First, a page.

In the meantime, here are some of his sketches:
What does Brazilian dance have in common with motorcycle culture? Crêpes and the physics of color? How about the Salem witch trials and bicycles?
Well, probably not much, but you'll never find out unless you drop into one of the next ChitChat sessions from the Galleries of Contemporary Art. It's now in its
third second season, but for you newbies out there, it's a series of paired lectures from experts in disparate fields. So, for the crêpe/color night, you'll hear about physics from Dr. Tom Christensen from the University of Colorado at Colorado Springs and food from Turu Marx Eurich of Coquette's Bistro & Bakery.
Better, ChitChats are all hands-on, "often edible learning!" says the website, so be prepared to eat a little, practice magic tricks or, perhaps, samba. It's a pretty good deal, considering it's free to UCCS students, and asks for a donation of $5 from GOCA members and $10 from the general public.
ChitChat begins Feb. 20, with each session starting at 6:30 p.m. with wine, beer and snacks followed by the program. They all take place downtown at GOCA 121.
Art on the Streets turns 15 this summer, and its organizers are looking for artists to contribute to this year's outdoor public art display.
Any entry should be durable enough to stand up outdoors, and appropriate for a public setting. Plus, it should be fairly large — the call suggests three feet (vertical or horizontal), minimum. Artists should submit mock-ups or images of the work, a plan for installation, an artist's statement and a narrative description of the work. According to the application, "proposals using alternative materials, and/or creative use of space is encouraged."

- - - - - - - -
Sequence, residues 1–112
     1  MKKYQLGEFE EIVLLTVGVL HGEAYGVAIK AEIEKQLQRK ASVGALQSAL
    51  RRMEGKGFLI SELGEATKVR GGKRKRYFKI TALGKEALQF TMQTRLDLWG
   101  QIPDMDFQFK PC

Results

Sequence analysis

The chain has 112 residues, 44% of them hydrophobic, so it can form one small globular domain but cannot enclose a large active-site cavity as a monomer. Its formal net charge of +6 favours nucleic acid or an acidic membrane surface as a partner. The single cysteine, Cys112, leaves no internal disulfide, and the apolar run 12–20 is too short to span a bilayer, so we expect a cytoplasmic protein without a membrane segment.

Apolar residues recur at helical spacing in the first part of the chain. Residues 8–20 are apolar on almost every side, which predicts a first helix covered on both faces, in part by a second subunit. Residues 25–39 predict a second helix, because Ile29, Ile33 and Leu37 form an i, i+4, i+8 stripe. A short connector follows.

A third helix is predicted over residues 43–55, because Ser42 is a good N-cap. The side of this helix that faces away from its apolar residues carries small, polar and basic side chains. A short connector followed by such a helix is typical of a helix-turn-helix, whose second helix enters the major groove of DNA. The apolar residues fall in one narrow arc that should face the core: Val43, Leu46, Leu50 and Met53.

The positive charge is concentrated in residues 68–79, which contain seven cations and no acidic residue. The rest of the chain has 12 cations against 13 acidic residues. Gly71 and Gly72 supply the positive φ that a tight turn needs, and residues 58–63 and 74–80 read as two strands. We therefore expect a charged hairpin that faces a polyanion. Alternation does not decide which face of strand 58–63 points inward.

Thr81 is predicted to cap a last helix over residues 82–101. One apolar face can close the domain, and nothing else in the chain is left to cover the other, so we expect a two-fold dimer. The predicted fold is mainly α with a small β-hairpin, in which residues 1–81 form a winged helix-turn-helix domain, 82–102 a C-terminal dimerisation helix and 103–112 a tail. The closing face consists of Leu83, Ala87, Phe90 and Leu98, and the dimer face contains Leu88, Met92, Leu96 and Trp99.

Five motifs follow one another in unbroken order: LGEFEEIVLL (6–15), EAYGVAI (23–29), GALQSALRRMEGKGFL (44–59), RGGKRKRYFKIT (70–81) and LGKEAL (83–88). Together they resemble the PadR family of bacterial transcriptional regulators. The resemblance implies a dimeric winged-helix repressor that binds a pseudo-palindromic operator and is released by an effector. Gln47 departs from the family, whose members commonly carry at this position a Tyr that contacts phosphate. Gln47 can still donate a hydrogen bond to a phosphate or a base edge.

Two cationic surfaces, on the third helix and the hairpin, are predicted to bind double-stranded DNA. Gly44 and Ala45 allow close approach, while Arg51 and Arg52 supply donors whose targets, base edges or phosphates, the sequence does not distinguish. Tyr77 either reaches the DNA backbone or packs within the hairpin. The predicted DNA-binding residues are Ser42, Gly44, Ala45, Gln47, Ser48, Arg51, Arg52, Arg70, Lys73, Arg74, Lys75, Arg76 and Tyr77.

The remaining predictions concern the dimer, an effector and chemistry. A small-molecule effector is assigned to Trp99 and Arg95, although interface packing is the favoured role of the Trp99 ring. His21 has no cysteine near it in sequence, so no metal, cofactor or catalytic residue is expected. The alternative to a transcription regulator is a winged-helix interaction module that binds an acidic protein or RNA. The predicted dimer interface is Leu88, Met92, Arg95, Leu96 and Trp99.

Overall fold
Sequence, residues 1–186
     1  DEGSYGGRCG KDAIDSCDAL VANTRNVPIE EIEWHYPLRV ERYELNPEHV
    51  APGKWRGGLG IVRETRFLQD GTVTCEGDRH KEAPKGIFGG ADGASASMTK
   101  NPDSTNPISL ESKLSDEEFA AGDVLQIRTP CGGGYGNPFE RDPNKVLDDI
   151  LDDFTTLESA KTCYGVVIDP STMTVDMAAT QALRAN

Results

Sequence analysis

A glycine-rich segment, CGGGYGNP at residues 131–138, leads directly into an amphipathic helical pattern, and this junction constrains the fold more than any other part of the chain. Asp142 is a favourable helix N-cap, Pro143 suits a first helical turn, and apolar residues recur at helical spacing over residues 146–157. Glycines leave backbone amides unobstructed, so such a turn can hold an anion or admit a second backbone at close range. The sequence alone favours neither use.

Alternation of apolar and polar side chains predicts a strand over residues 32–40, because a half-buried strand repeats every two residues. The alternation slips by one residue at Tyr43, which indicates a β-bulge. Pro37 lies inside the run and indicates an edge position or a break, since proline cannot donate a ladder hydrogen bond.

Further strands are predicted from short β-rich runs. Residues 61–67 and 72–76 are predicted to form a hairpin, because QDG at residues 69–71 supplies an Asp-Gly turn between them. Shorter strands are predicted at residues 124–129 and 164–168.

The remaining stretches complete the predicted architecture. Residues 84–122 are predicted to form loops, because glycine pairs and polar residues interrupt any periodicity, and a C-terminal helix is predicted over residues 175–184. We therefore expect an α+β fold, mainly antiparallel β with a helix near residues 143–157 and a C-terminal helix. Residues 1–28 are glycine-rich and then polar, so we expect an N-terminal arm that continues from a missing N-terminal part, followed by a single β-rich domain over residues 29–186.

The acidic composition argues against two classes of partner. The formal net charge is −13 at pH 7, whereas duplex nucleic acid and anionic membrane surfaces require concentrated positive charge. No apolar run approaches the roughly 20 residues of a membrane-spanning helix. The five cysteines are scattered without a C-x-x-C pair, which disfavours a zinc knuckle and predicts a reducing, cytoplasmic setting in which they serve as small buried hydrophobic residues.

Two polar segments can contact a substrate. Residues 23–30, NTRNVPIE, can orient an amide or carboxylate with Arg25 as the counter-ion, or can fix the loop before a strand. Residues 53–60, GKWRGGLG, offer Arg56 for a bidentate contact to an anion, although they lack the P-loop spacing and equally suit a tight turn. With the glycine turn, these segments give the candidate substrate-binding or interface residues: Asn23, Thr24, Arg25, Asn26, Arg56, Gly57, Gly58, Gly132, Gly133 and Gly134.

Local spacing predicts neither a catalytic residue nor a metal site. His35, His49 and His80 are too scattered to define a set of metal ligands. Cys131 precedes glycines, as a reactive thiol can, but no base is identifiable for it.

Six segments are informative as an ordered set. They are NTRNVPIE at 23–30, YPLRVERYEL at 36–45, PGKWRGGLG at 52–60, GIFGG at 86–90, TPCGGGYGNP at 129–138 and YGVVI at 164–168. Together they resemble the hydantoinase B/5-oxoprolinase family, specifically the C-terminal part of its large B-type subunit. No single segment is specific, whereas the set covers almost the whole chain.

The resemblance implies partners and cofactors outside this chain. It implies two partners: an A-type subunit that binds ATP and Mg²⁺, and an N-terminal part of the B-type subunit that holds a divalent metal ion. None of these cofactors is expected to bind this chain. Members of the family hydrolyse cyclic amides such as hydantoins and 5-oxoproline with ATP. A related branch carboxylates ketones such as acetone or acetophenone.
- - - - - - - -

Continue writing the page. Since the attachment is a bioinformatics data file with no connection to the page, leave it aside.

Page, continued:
As usual, the awards for the top works are generous: $15,000 for first prize, $7,500 for second prize and $2,500 for third prize. The honors will be decided by exhibit juror Blake Milteer, museum director for the Colorado Springs Fine Arts Center.
The deadline for submissions is March 4; artists will be notified March 15, and the works will go on display in June, the same time the awards will be announced.
It was brought to our attention Wednesday that an item in this week's cover story was not correct.
We referenced a Colorado Springs Business Journal story that alluded to the Downtown Partnership allocating $500,000 for the fledgling Alleyscapes project. That's an initiative to create a mixed-use arts alley district in the alleyway between Cascade Avenue and Tejon Street, stretching from East Platte Avenue to East Kiowa Street. But the Journal had erroneous information.
For one thing, the Downtown Partnership is not involved in providing Alleyscapes funds. We spoke with Nick Kittle, manager of administrative services and innovation with the city, who told us that money going toward the alley (1) will come from the Parking Enterprise; (2) is intended to improve safety and (3) won't amount to the figure quoted.
To begin, the Parking Enterprise, which Kittle manages, will have money allocated for several projects this year, alley improvements being one. However, there are two other projects that take priority: one to install streetlights or re-lamp existing ones between Boulder and Cache la Poudre streets, more effectively linking downtown and Colorado College. The other is to build some streetscape improvements on South Tejon Street near SouthSide Johnny's.